With pro-democracy Hong Kong demonstrators both inside and outside the arena and Chinese state television blacking out the contest — as it did all the other league games — LeBron James’ Los Angeles Lakers lost their much-hyped season opener against Kawhi Leonard’s L.A. Clippers in a game that felt more significant than just a single opening game.
As reported by ESPN, Chinese state television did not air any of the NBA’s opening games as part of its continued punishment of the league after Houston Rockets General Manager Daryl Morey posted a pro-democracy tweet on October 4 simply stating, “Fight For Freedom, Stand For Hong Kong.”
Morey deleted the post and apologized as the NBA scrambled to appease China, while also trying to express support for free speech amid backlash from fans. But the oppressive communist government has clearly not been satisfied with the league’s response.
While Chinese state television completely blacked out the opening games, the Chinese-based streaming platform Tencent, a media partner of the NBA and ESPN, only aired a single opener: the Lakers vs. the Clippers.
James became a central figure in the controversy when he infamously upbraided Morey for his “misinformed” tweet and spoke dismissively of free speech.
“I don’t want to get into a word or sentence feud with Daryl Morey, but I believe he wasn’t educated on the situation at hand and he spoke,” James told reporters on October 15. “So many people could have been harmed, not only financially, but physically, emotionally, and spiritually. So, just be careful what we tweet and say and what we do even though, yes, we do have freedom of speech, there can be a lot of negatives that comes with that too.”
LeBron James rips Daryl Morey, says Morey was uneducated. Says, “We do have freedom of speech, but there can be a lot of negatives that come with that too.” Really. pic.twitter.com/ZTw6a3FZ5n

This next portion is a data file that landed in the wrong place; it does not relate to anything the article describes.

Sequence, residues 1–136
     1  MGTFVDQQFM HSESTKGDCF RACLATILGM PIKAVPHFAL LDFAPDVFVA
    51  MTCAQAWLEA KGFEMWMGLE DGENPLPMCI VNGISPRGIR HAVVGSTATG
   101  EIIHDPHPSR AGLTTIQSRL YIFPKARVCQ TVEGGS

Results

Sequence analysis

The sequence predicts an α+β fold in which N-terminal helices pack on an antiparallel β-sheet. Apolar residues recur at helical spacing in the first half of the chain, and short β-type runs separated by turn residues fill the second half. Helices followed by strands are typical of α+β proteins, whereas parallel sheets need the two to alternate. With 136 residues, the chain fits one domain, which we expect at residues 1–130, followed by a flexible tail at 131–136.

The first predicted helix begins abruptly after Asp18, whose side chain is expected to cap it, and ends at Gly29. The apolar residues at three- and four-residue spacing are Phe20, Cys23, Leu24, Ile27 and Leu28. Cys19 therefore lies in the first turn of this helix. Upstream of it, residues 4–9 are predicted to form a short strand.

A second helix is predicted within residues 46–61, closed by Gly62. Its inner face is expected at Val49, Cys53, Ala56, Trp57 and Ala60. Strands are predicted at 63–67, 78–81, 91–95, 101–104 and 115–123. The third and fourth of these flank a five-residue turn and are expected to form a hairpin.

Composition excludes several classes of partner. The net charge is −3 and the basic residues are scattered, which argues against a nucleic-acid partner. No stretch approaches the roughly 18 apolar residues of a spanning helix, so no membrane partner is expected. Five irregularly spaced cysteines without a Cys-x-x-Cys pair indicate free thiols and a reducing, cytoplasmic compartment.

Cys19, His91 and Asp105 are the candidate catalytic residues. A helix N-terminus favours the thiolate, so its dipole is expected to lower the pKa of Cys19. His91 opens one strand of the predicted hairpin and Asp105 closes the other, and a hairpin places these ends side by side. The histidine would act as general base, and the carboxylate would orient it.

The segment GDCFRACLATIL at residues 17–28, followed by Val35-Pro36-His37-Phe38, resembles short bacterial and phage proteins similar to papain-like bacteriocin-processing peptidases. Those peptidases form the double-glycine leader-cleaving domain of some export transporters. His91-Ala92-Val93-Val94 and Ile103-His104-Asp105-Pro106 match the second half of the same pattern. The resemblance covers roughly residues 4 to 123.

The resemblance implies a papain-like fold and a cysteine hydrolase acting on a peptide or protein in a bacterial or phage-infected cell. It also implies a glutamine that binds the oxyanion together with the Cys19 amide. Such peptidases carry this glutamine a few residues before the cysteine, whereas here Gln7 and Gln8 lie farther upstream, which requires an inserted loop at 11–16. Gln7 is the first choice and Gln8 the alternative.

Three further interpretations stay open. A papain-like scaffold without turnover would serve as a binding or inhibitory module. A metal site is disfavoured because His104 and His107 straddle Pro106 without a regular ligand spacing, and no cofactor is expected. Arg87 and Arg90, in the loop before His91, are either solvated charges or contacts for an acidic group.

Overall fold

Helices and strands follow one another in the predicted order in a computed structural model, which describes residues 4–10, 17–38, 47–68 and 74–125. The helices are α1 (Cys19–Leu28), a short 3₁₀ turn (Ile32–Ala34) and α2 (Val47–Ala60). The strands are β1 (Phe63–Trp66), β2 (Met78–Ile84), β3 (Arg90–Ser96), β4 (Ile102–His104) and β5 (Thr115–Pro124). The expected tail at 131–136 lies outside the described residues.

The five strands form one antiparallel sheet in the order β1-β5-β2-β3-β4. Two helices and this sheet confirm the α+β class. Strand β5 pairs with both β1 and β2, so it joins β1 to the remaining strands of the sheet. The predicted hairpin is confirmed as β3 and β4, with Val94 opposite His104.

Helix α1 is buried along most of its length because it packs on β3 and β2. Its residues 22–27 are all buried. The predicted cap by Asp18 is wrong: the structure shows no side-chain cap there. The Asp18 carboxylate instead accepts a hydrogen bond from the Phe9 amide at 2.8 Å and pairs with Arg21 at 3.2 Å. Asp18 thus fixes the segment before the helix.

— Clay Travis (@ClayTravis) October 15, 2019
Wearing “Fight For Freedom, Stand For Hong Kong” t-shirts bought with money from a GoFundMe drive, some 60-75 protesters, according to ESPN’s estimate, gathered outside the Staples Center Tuesday night.
The organizer of the protest, who felt compelled to refer to himself as only “MWG” and cover his face for “personal safety” and to protect his family in China, pointed to James’ much-criticized response as emblematic of the NBA’s China dilemma.
“What LeBron James said, we’re not mad, we’re just disappointed,” the protest organizer told ESPN. James, he said, is “really out there (on issues) and then for him to say, ‘Oh, it was hard on us (during the China trip),’ that was kind of a slap in the face.”
In a follow-up to his comments criticizing Morey, James tweeted, “My team and this league just went through a difficult week. I think people need to understand what a tweet or statement can do to others. And I believe nobody stopped and considered what would happen. Could have waited a week to send it.”
“To be LeBron James, so articulate and so meticulous about your words and how you say them and how you present yourself and all of the sudden when it comes to money, it takes a precedent over any sort of human rights — basic human rights?” MWG said. “That’s what our country was founded on. His home base is here. So you’re going to turn your back on your home base for money over there?”
“We want to stand with Morey, we want to stand with Hong Kong, but most of all, we want to fight foreign attempts to censor us,” he said.
“Our first amendment rights to free speech — so if you have a government that’s not the United States telling us we can’t talk, what’s the point of having a government? What’s the point of having a first amendment right? We’re not saying that we’re trying to do anything other than show solidarity. We’re not trying to protest. We just want to show the NBA and show foreign governments that they can’t censor us.”
Along with the protesters outside the arena, some people also showed support for Hong Kong inside, where fans watched the Clippers’ newly acquired star Leonard lead his team to a 112-102 victory in a game that one sports analyst said “felt bigger than just one game.”